Here we go again.
This weekend begins another year in the church calendar. It is time for Advent.
As I've observed before, in American consumerland we are already well into the Christmas season. This is largely because we just can't wait.
I usually spend November trying desperately to fend off Christmas commercials and Christmas music. I love the season. I just don't want to be tired of Sleigh Ride before the leaves even fall off the trees. Last year I heard "Have Yourself a Merry Little Christmas" six times before Thanksgiving, and that was just by going to the grocery store once a week. If we had television I'd have to wear out the batteries on the remote control just hitting the mute button (and hiding my eyes) every time a Christmas commercial came on. I don't want to be so sick of the holiday that by the 25th of December I just desperately want it to go away--yet that seems to be the feeling of people around me. Christmas starts after Halloween and goes on and on and on and on....
Which is the price of gluttony, I suppose. You get tired of it.
I'm not Catholic, but I admire their approach to the season. Advent is a season of waiting. It is not a feast, it is a fast. It is a time of discipline, even a time of scarcity before the feast. Then, at the appointed time, jubilation, celebration, rejoicing, for the entire 12 day period from December 25th to January 6th. If only society knew how to wait....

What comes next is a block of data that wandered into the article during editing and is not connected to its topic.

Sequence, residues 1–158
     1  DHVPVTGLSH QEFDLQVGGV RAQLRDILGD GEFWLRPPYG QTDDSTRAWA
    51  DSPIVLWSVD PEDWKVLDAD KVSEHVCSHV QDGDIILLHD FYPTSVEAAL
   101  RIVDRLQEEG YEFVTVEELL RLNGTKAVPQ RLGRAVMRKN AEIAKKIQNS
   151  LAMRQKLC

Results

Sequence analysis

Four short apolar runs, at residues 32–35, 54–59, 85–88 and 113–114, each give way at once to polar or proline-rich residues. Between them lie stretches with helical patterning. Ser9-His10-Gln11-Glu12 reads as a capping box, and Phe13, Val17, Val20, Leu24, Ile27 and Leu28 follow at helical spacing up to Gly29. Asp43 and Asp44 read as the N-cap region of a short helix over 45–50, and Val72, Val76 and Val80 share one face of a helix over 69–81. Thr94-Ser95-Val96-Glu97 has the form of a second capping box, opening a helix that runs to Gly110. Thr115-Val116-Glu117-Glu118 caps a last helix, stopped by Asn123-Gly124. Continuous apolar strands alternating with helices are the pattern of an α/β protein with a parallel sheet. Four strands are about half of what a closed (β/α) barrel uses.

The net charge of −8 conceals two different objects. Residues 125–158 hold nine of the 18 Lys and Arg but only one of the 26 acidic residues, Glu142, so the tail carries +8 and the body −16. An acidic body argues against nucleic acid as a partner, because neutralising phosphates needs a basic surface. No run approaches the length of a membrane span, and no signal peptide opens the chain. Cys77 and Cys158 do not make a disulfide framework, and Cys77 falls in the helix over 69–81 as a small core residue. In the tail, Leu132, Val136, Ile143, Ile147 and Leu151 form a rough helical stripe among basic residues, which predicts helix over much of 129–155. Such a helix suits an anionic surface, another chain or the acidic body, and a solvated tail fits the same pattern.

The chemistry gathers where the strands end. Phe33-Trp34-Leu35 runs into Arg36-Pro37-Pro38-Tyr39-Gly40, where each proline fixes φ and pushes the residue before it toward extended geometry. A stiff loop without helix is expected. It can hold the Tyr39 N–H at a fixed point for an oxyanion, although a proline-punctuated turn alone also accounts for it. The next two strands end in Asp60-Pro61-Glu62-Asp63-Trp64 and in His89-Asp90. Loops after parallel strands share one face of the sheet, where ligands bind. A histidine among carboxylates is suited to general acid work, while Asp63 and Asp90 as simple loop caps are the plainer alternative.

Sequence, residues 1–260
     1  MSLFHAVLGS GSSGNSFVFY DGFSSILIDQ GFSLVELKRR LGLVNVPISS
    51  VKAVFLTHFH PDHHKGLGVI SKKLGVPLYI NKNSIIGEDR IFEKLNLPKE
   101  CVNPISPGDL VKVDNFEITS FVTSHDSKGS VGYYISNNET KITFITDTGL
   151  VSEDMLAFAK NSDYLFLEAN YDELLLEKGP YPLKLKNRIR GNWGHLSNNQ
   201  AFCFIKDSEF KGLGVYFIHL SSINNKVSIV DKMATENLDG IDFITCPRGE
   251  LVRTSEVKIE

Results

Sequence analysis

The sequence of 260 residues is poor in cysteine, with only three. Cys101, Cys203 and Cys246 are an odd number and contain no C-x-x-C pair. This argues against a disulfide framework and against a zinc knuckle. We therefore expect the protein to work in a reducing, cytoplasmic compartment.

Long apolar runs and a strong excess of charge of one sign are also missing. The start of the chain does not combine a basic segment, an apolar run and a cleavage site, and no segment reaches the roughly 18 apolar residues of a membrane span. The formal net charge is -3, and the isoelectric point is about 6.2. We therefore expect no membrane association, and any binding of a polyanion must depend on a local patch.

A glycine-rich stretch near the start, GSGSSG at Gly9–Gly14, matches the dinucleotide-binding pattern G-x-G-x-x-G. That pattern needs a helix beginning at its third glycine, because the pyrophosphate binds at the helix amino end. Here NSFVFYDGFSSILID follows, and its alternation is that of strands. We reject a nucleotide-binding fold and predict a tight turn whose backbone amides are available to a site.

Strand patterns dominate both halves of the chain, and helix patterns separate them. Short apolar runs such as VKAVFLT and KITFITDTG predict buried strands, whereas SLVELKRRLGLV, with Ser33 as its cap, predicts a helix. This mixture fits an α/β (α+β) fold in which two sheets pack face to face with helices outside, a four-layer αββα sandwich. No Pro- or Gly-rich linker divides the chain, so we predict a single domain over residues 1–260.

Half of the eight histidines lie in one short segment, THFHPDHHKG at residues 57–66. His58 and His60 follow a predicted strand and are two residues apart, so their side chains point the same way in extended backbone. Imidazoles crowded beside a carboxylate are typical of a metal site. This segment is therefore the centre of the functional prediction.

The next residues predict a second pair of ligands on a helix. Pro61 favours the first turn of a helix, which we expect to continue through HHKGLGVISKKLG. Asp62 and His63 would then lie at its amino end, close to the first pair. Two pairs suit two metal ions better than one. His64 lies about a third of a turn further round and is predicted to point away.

Salespeople don't want us to wait, obviously. They want us to HURRY HURRY HURRY to get the lastest bargain. And they are listening to the people who want to shop till they drop, not to the ones who won't go to the mall until the middle of December.
The church, by contrast, often seems to want to put the brakes on. They are the most conservative element in society. They shun innovation, serve as a collective for people who oppose change, and look suspiciously on the rights of individuals, which is to say they aren't very progressive. At the same time, they stand for virtue and discipline, continuity and respect. Sometimes the church seems like the weary adult in a world of four-year-olds. And it seems about all they can do sometimes is look on judgmentally as the kids tear into all their Christmas presents in 30 seconds in a frenzy of gratification, and then have a meltdown five minutes later because they are out of stuff to open and they can't handle all the surging emotions.
Pace yourselves. The joy will come. The feast will arrive. Prepare yourselves for it. Don't just revel in every good thing you can find--share it. Live inside it. Don't expect it to make you delirious. Happiness isn't a mind altering drug. It is a state of being.
Does it seem curmudgeonly to all the societal kids? Of course it does. Sometimes it even feels like it. But behind it all is a joy that those kids will never understand. Unless you wait for it. It will come.